but only a few bodylengths, pretty funny to watch. Here we had been
ultra-careful about keeping a respectful distance in our kayaks, and the
seals occasionally showed interest. But then a massive ship comes almost as
close, splitting their ice floe perch in half, and they barely responded.

Although I had hoped that by then I had earned myself some sea legs, the
rough sea got to me, and I tracked down the ship's doctor to plead for some
more Dramamine, and then the bartender for a ginger ale. I soon felt
significantly better—better enough to go to another lecture by Ari on his
research, which was the best talk we'd seen yet. Cool stuff on how they have
been researching the feeding habits and diving patterns of Humback and Minke
whales. Two highlights:

1. Seeing the crossbow that they use to launch the biopsy cores, which sit
at the end of an arrow with a foam float on it. They shoot the arrow at the
whale, it hits the skin, collects about an inch of skin and blubber, bounces
off, floats, and they pick it up with the sample inside the hollow core
tube. I was surprised: the size of the core was no larger than for biopsies
I've had done on me, it looked identical to one that was used about this
time two years ago to slurp out a breast lump, so although "biopsy" made me
cringe for the whales, it's hard to feel sorry for an animal about an order
of magnitude larger than me and with a much thicker layer of blubber than
I've got.

2. Seeing videos of the software they use to process the tracking data they
get. It shows the track of the whale in 3D space, which looks like a weird
roller coaster, with plots of fluke activity so you can see when the whale
is actively paddling, and then the video shows the whale on top of the track
so you can see how it moves underwater. It drove home how difficult this
research is: you can only see the whales directly when they come to the
surface, so knowing what they do when they are underwater—which they are
most of the time—is science done blind. These trackers are some of the only
info on whale behavior. So despite how beloved (and huge) whales are, we
don't really know that much about their behavior in their natural
environment. Kinda like microbiology.

It was a mellow evening, and I skipped my first talk of the trip, deciding
I'd rather hide away from people and process some of the millions of photos
I've taken than sit through another bird talk. I claimed seasickness as my
excuse when asked about it.

At dinner, I found out that my roommate Ingrid had just returned from an
epic journey where she and her husband drove (drove) from Amsterdam to
Singapore, through Siberia, Mongolia, China, Vietnam… after dinner she
showed me the movie her husband stitched together and AWESOME. What in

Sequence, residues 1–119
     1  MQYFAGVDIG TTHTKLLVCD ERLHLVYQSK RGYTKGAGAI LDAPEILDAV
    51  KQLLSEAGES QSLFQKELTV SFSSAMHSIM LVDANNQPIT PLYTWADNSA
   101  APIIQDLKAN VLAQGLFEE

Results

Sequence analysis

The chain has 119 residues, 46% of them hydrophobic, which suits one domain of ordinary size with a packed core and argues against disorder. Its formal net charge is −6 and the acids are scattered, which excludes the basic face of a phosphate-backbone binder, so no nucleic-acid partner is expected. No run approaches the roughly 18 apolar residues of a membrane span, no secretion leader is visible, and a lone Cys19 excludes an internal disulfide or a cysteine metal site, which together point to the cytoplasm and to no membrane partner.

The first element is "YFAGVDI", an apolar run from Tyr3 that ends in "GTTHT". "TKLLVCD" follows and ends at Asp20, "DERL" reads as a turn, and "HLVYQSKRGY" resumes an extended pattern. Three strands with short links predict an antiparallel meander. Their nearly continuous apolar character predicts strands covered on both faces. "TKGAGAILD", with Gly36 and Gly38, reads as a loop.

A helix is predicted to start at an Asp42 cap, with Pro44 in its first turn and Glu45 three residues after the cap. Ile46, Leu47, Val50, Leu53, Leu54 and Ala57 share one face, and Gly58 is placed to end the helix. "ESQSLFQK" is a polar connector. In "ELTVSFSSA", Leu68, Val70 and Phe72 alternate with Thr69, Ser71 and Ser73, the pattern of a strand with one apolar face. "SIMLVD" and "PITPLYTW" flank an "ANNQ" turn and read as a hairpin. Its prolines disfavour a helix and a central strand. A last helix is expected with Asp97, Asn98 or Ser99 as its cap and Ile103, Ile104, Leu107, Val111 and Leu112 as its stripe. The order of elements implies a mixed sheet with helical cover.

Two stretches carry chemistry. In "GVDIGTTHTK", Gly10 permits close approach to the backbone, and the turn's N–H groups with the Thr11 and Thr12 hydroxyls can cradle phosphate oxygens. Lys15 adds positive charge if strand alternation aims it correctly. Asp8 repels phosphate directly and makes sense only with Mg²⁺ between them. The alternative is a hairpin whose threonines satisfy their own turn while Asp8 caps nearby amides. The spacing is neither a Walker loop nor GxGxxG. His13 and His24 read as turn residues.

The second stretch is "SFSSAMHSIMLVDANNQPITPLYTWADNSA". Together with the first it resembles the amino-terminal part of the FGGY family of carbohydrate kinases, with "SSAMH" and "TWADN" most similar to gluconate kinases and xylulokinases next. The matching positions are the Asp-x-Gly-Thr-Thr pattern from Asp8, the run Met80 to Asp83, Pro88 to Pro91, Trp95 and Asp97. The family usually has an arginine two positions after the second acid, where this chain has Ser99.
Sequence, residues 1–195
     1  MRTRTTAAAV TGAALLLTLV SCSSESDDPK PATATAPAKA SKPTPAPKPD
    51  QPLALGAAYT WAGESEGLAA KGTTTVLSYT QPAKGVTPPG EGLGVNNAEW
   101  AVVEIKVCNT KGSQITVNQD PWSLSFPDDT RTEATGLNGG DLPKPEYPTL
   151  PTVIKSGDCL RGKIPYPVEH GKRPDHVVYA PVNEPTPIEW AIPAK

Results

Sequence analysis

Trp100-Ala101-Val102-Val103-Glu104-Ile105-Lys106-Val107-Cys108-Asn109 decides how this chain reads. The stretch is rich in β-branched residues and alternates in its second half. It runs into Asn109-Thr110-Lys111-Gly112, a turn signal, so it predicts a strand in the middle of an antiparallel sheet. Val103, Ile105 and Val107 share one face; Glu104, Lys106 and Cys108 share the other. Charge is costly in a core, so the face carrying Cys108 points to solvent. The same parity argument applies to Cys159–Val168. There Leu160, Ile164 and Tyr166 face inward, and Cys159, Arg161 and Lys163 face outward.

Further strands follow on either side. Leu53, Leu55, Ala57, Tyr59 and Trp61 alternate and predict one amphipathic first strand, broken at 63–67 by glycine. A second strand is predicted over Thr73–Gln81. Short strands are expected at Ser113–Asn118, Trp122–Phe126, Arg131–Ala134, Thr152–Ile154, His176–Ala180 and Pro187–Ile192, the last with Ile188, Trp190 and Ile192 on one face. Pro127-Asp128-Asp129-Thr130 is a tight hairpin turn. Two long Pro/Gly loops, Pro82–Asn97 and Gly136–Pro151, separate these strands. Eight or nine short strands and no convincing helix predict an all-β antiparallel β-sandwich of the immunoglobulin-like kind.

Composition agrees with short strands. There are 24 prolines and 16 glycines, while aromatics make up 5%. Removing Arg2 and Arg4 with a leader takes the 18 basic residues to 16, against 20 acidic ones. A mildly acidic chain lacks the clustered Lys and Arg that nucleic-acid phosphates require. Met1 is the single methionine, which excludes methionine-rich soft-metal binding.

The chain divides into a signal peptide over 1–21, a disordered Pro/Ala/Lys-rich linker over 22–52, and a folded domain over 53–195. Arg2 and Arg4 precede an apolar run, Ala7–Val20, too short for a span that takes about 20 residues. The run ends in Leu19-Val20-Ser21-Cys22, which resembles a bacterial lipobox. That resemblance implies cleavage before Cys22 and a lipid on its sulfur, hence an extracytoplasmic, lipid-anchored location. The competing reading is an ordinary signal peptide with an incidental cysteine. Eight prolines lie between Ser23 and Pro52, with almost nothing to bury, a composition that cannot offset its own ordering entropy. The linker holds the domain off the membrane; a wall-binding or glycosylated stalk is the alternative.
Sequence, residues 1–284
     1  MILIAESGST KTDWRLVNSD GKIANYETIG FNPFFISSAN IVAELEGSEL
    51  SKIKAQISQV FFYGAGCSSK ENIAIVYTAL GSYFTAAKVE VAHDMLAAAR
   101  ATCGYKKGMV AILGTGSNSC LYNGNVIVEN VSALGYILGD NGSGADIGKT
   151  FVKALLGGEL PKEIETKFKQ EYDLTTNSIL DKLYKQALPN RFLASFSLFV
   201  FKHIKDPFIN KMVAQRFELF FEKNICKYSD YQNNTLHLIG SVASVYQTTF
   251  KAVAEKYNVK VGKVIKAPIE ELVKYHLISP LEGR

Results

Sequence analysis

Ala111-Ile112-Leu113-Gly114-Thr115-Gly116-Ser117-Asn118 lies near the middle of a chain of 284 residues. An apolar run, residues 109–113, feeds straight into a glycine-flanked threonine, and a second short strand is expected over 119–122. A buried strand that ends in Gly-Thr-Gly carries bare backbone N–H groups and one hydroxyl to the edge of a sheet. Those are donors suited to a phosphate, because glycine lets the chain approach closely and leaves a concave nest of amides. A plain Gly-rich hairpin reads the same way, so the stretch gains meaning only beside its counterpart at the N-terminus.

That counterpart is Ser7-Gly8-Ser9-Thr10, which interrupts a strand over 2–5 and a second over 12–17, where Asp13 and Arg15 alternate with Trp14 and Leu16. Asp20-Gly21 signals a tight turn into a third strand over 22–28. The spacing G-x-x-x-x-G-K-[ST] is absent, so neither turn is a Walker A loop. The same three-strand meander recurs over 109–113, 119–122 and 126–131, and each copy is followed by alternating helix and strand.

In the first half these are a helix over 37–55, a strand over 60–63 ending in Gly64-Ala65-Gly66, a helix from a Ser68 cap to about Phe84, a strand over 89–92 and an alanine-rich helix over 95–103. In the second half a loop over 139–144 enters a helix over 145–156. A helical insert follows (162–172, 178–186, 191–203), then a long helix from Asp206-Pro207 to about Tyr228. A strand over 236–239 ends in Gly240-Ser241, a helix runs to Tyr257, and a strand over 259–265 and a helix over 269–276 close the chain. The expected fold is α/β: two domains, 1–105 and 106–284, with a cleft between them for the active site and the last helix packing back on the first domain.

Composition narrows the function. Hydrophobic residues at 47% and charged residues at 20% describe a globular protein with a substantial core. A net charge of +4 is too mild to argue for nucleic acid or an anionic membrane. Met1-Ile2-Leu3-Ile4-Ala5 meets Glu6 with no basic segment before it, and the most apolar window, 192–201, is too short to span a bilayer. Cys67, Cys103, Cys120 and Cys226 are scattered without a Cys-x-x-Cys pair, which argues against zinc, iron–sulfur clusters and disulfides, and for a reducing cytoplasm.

incredible thing to do with someone you love (or do period). We finished off
the night over bourbon in the bar, and watched "The Tribe" (a group of
crazy, hilarious Australian women who were doing this as a sort of Girls
Night Out on steroids) have a dance party (challenging, with the heavy
rocking of the ship) all by themselves. Because when you're that awesome
(and drunk) who needs others?

Hahahaha. Nice.

I might go camping tomorrow…

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Sunday, February 23, 2014

Antarctica Day 6: Detaille Island

Posted via email from satellite phone on-board the Ioffe. Photos will come
when the voyage is over!


Last night wrapped up with a bar talk by the Incredible Huw entitled, "Real
Explorers Drink Gin", with should get a "huzzah!" from several of my peoples
back home, about the tipples of choice of some of the great explorers, the
history of maritime boozing, and why Gin is the drink of champions. It
wrapped up, appropriately, with bottles of expensive small-batch gin Huw—who
is sponsored by a gin company—provided. I am an
American/bathtub/"masculine"/ultra-piney gin girl myself, but it went down
smooth and was plentiful. Needless to say, once again, I didn't make it the
early night like I had sworn I would do. But if Huw is to be believed, my
health and general well-being at sea is better for the drinking.

But I woke up very, very tired, and went right back to bed after breakfast.
The weather had turned for the normal (vs. yesterday's unbelievably
spectacular), the seas were significantly more rough, visibility poor, and I
didn't feel like I was missing anything.

But five minutes after I crawled into bed, it was announced over the
intercom that an Emperor Penguin had been spotted off the port side of the
ship. One of the giant penguins from March of the Penguins. Where we are is
pretty far outside their normal range, but a few have been spotted in the
area the past few years, and there, sure enough was a lone sentinel hanging